Depending on your state, you may need to collect sales tax and use tax and follow other accounting guidelines. Register your startup by submitting an application to your state filing office.

Open a business bank account 

It’s not just best practice to keep business and personal finances separate—it’s the rule for some business types. An easy way to do this is to open a business checking account and a business savings account

To apply, you’ll provide your organizing documents, EIN or Social Security number, a certificate of good standing, and other business information. Traditional banks may also examine your business credit score

You can simplify your finances even further with a single cash management account like Brex Cash. While this isn't a bank account, it will help you manage your working capital and savings easily while getting an industry-leading interest rate on both. 

Organize your business records 

The IRS requires businesses to keep tax-related records for at least three years. Creditors or insurance providers may require you to keep records even longer. That means you’ll have to maintain copies of your receipts, invoices, bills, tax returns, and proof of payments.

There are a couple tools that make it easy to track spending and safeguard financial records. Startup teams can use convenient receipt-scanning apps to digitize paper receipts or consider all-in-one expense management software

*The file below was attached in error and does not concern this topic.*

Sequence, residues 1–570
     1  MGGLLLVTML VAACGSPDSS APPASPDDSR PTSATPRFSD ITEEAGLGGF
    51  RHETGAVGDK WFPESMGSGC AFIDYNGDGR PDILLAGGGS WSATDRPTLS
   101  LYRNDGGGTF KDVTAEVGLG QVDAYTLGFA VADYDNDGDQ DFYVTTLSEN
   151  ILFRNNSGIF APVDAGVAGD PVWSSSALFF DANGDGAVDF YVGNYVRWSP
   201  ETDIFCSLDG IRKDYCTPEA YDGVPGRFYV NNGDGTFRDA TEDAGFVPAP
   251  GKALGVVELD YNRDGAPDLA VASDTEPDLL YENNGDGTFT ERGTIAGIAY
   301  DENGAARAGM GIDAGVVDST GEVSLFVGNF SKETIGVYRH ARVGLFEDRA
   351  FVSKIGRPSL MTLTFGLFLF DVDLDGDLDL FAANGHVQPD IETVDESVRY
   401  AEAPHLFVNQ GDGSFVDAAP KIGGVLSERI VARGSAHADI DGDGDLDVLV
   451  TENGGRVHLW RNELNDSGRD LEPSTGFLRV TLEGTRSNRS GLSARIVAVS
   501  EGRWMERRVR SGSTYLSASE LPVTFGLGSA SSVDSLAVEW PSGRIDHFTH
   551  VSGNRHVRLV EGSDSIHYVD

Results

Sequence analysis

With these tools and the above steps completed, you’re prepared to set up your small business accounting

Basic accounting terms and reports

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Here are some of the standard accounting and bookkeeping terms you’ll come across as you organize your small business accounting. 

  • Revenue or income: Money your startup earns from the sale of goods or services or other business activities.
  • Expenses or expenditures: Costs you incur to generate revenue, including rent, labor costs, and office supplies.
  • Assets: Liquid and non-liquid assets owned by your startup, like land, equipment, accounts receivable, stocks, and patents.
  • Liabilities: Debts and obligations owed by your startup, like business loans, accounts payable, income taxes, and mortgage payments.
  • Equity: The value remaining when you subtract liabilities from assets, which represents ownership in the business.
  • General ledger: The complete record of all business transactions, like sales, expenses, and credit. Used to generate financial statements. 
  • Chart of accounts: Lists your different accounts and transaction categories, like income, expenditures, assets, and liabilities.
  • Journal entry: Accountants and bookkeepers make journal entries to update the general ledger. Each entry has a unique reference number, transaction date, debit or credit amount, and description.